I’ve got enough functionality written at this point to begin testing (too much, actually, for a real TDD approach—I should have started writing my tests before I put any code in my getCustomer function). In my last post, I defined a controller (TestController) and an action method (CustomerViewModelTest) to use for testing. I can now create the View that will be called from that action method (CustomerViewModelTest.cshtml). I use QUnit for testing client-side code, so I need to add the files Qunit needs (a JavaScript file and a CSS file) to my application. However, I’d prefer not to download those files on every page so I don’t add those references my layout View. Instead, in my test View, I add the references to the Header section that my Layout View references. I also add a reference to the JavaScript file holding my Customer ViewModel that I want to test:

@{ ViewBag.Title = "Customer ViewModel Tests"; } 
@section Header { 
 <script src="@Url.Content("~/Scripts/CustomerVieModel.js")" type="text/javascript"></script>  
 <link href="@Url.Content("~/Content/Tests/qunit.css")" rel="stylesheet" type="text/css" />  
 <script src="@Url.Content("~/Scripts/qunit.js")" type="text/javascript"></script>  

In the body of my page, I add in the headers that QUnit needs to execute and display test results:

<form action="/Test/index">
 <h1 id="qunit-header">Customer MVVM Tests</h1>
 <h1 id="qunit-bannder"></h1>
 <div id="qunit-testrunner-toolbar"></div>
 <h2 id="qunit-userAgent"></h2>
 <ol id="qunit-tests"></ol>

I can now test my ViewModel using QUnit’s test function. I set my controller variable to direct all my getJson requests to the mock methods on my Test controller. I use jQuery to prevent my tests from running until the page is fully loaded:

controller = "Test"; $(function () { 

That test consists of instantiating my Customer ViewModel, calling its getCustomer method passing a customer Id, and checking to see if the ViewModel’s properties were updated correctly. Since I’m making an asynchronous server-side call, I can’t simply call my getCustomer method and check the property results—my test code might run faster than my server-side call and check the property before the result is returned. To get around that, I use QUnit’s asyncTest and JavaScript’s setTimeout functions to wait for one second before checking the result using QUnit’s equals function:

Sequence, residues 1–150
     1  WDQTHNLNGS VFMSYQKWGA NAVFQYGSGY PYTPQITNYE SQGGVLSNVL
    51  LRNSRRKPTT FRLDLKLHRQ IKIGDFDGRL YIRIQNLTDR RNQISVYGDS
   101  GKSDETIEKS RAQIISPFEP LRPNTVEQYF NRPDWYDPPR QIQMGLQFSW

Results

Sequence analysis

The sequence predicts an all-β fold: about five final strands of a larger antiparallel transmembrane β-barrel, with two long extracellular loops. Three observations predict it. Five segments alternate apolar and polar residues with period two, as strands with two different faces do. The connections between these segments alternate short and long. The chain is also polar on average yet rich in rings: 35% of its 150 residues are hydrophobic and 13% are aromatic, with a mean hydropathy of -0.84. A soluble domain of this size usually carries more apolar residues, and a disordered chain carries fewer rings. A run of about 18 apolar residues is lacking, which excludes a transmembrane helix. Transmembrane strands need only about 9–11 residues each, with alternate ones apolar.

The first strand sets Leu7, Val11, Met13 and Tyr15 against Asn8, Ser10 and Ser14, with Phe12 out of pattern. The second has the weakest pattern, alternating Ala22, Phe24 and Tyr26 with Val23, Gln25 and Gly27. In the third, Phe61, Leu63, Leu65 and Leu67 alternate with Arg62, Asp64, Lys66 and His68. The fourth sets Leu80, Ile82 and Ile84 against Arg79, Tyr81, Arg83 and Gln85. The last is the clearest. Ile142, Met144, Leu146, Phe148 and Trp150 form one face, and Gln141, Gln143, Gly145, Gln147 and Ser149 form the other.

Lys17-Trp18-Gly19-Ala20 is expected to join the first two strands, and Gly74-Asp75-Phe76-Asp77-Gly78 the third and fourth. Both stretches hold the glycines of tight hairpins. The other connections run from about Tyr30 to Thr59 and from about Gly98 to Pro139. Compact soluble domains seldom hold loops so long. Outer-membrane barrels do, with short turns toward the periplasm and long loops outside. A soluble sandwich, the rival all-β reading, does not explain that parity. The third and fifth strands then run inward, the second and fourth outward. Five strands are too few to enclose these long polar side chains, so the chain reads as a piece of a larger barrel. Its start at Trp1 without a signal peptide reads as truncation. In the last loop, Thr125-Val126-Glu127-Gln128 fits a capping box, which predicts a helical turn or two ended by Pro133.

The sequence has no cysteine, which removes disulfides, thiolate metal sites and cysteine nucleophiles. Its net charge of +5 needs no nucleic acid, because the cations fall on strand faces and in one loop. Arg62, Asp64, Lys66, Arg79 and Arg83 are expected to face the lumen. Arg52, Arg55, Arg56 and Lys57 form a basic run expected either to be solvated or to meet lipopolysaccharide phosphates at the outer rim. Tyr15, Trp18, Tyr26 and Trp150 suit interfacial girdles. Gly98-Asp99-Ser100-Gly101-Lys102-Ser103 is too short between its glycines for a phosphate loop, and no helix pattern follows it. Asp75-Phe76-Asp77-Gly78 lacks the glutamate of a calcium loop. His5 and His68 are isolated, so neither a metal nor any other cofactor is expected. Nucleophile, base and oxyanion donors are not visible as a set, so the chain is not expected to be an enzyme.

var cust; test("Get Customer", 
 function () { 
 cust = new Customer("Test"); 
 setTimeout( function () { 
 equals(cust.City(), "Regina", "Customer not retrieved"); 
 start(); }, 
 3000); } ); 

I can now run my tests and see the results by calling my CustomerViewModel action method on my TestController (and, of course, my test passes the first time).

At this point I have a testable ViewModel but, of course, that’s not much good unless it supports a real page. That’s what I’m going to look at in my next post. But with this framework in place, I know that I’m building my page with something that works.

If you’re looking for a course with a good introduction to TDD in Visual Studio, Learning Tree’s Design Patterns and Best Practices in .NET course is a good choice. However, Learning Tree’s ASP.NET MVC course devotes a whole chapter to TDD with ASP.NET MVC.

Peter Vogel

Creating Testable Applications with a JavaScript MVC Framework

I love test driven development because, assuming that I’m going to test my code at all, the TDD frameworks make testing much easier and faster—much faster than running the whole application in order to test a few lines of code, for instance. The problem is that my usual JavaScript + jQuery coding practices defeat TDD.